DemDaily: The Nominee

President Trump announced his nomination for the country's highest court today, and with it, the beginning of a confirmation battle that will determine the ideological direction of the Supreme Court of the United States (SCOTUS) for the next several decades.

The Nominee
Brett Kavanaugh, 53, who currently serves on the Court of Appeals for the District of Columbia Circuit, is the President's pick to replace Justice Anthony Kennedy, who announced two weeks ago, he would be retiring from the bench.

Neil Gorsuch and Brett Kavanaugh (top row left, then right) clerked for Justice Kennedy in 1993

A conservative with a long history of ties to the Republican establishment, Kavanaugh grew up in Maryland, and attended Yale University and Yale law school. He clerked for Justice Anthony Kennedy alongside Neil Gorsuch, who was appointed to the Supreme Court last April.

As Associate Counsel to Independent Council Kenneth Starr, he worked on the Whitewater and Monica Lewinsky investigations, and helped draft Starr's report to Congress laying out grounds for the impeachment of President Bill Clinton.

After briefly serving in private law practice, he worked in the Bush White House from 2001-2006 as Counsel, then as Staff Secretary before being confirmed as a federal judge.

The Swing Vote
While Justice Kennedy was considered the only swing vote on the court, sometimes voting with the four liberal justices on social issues like gay marriage, Kavanaugh's appointment would solidify the conservative majority and endanger or overturn key civil rights decisions.  At the forefront of those is Roe v. Wade, the 1973 decision that legalized abortion.

The swing vote in this fight, however, is not on the court, but with moderate Republicans in the Senate.

With a 51-49 Republican majority in the US Senate, it will require the vote of all Democrats, including a handful in red states that are up for election, as well as two Republicans, to defeat Kavanaugh's nomination.

Senators Susan Collins (R-Maine) and Lisa Murkowski (R-Alaska), who have occasionally sided with Democrats on critical votes, are considered the crucial swing votes in the fight.

Senators Lisa Murkowski (R-AK) & Susan Collins (R-ME) are key to confirmation vote

The Court
The Supreme Court of the United States was established in 1789, under Article III of the United States Constitution.

A lifetime appointment, most Justices serve until retirement or death (average tenure is 16 years), at which time the current President of the United States (POTUS) nominates a replacement.

In the history of the court only six of 113 Judges have been women or minorities.

There are nine Justices that sit on the court, including conservatives John Roberts (Chief Justice), Clarence Thomas, Samuel Alito, Neil Gorsuch and Anthony Kennedy (retiring July 31, 2018), and liberal Justices Ruth Bader Ginsburg, Stephen Breyer, Elena Kagan and Sonia Sotomayor.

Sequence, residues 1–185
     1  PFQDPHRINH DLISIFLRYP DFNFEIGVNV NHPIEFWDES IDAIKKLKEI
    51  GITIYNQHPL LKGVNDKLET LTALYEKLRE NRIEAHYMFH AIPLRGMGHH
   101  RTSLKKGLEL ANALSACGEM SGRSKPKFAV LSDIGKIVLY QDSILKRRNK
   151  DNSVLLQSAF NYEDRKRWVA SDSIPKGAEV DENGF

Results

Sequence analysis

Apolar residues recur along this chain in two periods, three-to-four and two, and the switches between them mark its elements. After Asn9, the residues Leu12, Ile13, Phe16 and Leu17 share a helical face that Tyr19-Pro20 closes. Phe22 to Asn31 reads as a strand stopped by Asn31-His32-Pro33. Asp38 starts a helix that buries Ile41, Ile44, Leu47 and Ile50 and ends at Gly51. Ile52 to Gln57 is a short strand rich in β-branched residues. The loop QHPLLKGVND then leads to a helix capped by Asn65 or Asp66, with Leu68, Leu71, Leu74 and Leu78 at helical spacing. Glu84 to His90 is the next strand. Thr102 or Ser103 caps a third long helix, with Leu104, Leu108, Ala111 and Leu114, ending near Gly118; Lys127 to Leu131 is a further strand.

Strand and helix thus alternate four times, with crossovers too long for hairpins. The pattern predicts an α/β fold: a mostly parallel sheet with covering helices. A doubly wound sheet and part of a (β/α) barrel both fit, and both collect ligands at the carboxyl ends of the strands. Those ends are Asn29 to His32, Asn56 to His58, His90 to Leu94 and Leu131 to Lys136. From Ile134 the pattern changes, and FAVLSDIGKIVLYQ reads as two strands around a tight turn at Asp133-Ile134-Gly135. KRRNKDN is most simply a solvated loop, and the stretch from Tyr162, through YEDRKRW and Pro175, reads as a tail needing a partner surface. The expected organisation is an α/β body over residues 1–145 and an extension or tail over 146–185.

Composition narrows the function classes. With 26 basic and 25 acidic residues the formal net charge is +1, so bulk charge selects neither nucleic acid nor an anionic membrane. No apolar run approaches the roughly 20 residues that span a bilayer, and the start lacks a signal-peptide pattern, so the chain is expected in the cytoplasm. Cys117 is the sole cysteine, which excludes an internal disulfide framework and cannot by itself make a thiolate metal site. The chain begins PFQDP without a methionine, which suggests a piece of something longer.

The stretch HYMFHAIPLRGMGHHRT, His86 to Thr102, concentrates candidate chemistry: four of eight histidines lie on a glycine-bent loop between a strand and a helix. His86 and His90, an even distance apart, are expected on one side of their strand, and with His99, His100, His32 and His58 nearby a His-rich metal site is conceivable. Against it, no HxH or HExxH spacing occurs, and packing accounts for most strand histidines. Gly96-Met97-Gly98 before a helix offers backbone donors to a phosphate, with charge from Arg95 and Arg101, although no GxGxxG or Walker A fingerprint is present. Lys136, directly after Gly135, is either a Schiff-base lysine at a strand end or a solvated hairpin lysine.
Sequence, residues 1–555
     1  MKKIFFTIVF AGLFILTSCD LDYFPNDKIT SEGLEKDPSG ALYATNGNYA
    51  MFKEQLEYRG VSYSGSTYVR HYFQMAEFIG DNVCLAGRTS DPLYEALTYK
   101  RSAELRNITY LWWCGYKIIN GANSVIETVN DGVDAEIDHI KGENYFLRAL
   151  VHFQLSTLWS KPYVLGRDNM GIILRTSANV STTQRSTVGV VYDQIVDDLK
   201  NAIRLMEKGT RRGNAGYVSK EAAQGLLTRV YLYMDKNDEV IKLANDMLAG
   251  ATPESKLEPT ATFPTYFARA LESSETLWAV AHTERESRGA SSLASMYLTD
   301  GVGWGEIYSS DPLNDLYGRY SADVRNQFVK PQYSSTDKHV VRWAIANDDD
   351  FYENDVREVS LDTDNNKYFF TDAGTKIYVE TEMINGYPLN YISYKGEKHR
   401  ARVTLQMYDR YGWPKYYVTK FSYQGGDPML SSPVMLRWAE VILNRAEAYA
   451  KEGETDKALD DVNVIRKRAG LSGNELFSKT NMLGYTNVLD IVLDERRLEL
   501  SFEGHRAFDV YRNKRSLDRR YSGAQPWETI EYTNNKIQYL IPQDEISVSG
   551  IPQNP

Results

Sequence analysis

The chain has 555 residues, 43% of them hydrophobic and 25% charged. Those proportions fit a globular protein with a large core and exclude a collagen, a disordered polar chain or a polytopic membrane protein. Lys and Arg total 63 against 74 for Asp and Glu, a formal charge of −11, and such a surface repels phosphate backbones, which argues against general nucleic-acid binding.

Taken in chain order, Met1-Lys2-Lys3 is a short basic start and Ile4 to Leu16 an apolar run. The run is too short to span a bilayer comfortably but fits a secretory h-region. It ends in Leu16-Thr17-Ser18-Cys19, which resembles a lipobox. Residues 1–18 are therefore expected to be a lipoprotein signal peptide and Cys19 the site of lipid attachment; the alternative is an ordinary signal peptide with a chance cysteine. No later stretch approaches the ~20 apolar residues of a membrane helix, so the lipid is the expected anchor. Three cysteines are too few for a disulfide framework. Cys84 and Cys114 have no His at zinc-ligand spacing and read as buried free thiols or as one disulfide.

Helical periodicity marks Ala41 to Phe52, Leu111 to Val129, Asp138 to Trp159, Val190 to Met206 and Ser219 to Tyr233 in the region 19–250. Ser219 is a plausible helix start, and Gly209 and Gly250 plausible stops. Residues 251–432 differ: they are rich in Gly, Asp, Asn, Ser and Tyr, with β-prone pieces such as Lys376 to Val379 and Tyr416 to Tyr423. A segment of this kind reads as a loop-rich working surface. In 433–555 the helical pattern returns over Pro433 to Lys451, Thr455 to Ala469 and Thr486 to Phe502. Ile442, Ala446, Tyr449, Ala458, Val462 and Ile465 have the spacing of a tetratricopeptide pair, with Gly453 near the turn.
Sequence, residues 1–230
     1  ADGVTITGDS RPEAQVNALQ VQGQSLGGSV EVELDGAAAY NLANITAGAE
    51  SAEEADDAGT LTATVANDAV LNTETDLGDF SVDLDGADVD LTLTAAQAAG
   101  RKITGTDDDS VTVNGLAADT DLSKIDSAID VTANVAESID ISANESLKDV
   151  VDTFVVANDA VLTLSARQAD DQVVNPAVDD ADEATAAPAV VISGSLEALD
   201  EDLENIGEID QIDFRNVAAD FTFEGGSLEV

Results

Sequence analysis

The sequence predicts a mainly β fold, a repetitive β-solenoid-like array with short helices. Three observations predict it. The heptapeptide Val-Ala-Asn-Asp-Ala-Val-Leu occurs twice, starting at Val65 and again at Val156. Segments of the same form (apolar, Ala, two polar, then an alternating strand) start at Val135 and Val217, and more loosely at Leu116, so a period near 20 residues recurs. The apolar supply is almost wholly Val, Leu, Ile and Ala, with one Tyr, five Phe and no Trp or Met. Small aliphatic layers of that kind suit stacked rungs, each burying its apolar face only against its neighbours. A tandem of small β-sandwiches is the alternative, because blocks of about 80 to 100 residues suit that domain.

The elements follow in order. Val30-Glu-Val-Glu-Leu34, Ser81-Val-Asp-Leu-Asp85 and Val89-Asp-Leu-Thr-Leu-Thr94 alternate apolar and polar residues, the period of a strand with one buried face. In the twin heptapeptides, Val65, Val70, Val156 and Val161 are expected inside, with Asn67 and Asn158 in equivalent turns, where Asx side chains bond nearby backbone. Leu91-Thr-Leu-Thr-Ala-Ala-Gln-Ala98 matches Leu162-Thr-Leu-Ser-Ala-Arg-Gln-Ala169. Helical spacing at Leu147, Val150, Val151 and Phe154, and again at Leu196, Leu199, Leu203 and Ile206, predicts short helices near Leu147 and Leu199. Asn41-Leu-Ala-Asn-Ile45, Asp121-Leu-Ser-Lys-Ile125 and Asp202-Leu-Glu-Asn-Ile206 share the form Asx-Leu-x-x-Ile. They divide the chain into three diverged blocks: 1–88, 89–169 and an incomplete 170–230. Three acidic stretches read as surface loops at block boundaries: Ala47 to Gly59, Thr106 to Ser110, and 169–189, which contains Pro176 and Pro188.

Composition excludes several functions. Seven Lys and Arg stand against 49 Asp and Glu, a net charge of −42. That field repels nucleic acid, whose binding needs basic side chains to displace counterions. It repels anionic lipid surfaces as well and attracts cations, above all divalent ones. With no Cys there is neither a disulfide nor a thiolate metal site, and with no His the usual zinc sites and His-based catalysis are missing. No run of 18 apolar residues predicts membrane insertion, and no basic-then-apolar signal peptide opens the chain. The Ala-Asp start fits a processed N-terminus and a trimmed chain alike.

The Process
The Senate Judiciary Committee will hold a hearing, expected to be scheduled in the next month, to debate the nominee's qualifications, and then vote on advancing the nomination to the full Senate for debate and a vote.

The Senate rules used to allow unlimited debate, known as filibustering, and required a 3/5 vote or 60 Senators, known as cloture.  In April 2017, however, the Senate changed this rule and lowered the required votes to a simple majority of 51 to end debate on Supreme Court nominations -- known as the nuclear option.  If there is a tie, the Vice President casts the deciding vote.

The average time between a Justice's nomination and confirmation is approximately 11 weeks. If confirmed, Kavanaugh would be seated in time for the opening of the court's next term this October.

That would also mean Kavanaugh would be a part of the body that would rule on any interim charges of corruption, collusion or conspiracy against President Trump that would arise as a part of the Russia investigation.

In a 2009 Minnesota Law Review article, Kavanaugh wrote, "I believe that the President should be excused from some of the burdens of ordinary  citizenship while serving in office ...   the indictment and trial of a sitting President, moreover, would cripple the federal government, rendering it unable to function with credibility in either the international or domestic arenas. Such an outcome would ill serve the public interest, especially in times of financial or national security crisis."

Every vote - at the ballot box or on the High Court - makes a difference. 

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Kimberly Scott
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Sources: USSupremeCourt, SCOTUS blog, CNBC, MSNBC, NBC, The Nation, Utica College

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